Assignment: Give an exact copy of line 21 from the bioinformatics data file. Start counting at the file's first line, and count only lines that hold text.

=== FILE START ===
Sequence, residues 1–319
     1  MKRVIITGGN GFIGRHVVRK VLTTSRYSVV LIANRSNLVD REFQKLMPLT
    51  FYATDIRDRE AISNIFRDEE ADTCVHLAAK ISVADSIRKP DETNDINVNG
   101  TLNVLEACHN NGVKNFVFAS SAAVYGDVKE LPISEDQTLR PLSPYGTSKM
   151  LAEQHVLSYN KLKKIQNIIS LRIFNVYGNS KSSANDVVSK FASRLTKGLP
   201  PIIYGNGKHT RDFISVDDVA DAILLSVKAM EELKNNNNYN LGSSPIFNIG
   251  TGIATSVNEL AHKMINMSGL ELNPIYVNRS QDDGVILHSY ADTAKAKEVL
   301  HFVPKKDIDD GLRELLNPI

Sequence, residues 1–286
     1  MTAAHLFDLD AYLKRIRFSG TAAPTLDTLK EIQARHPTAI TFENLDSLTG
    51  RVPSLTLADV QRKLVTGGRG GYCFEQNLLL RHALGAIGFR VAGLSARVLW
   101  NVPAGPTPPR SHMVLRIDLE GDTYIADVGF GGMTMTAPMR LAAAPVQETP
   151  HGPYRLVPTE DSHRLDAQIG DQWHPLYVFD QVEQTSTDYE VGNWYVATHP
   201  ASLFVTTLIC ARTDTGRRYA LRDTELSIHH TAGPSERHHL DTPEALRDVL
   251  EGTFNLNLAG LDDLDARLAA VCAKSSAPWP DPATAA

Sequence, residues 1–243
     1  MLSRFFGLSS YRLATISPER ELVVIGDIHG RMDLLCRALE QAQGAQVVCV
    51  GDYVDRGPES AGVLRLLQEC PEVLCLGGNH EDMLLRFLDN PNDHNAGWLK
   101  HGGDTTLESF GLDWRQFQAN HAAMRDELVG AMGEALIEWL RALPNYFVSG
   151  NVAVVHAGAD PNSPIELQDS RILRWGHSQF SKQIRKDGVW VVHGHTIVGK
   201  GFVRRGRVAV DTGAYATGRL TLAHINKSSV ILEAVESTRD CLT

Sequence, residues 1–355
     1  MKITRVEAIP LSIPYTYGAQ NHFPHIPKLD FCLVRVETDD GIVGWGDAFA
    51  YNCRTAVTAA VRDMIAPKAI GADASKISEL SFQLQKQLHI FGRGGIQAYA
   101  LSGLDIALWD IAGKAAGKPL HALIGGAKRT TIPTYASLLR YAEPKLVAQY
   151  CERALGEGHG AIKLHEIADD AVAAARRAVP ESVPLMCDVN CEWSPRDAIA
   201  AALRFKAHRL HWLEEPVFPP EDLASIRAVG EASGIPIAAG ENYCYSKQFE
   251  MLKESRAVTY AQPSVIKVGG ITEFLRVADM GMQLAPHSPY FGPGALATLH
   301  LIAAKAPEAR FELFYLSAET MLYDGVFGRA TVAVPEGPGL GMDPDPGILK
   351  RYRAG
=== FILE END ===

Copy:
   201  GFVRRGRVAV DTGAYATGRL TLAHINKSSV ILEAVESTRD CLT